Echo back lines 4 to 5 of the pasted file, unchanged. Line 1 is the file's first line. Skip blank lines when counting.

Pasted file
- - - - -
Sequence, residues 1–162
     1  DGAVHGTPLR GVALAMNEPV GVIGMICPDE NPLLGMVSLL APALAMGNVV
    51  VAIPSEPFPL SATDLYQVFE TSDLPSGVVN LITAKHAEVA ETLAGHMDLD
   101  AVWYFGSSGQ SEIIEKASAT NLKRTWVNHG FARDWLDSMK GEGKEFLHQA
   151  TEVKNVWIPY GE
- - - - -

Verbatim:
   101  AVWYFGSSGQ SEIIEKASAT NLKRTWVNHG FARDWLDSMK GEGKEFLHQA
   151  TEVKNVWIPY GE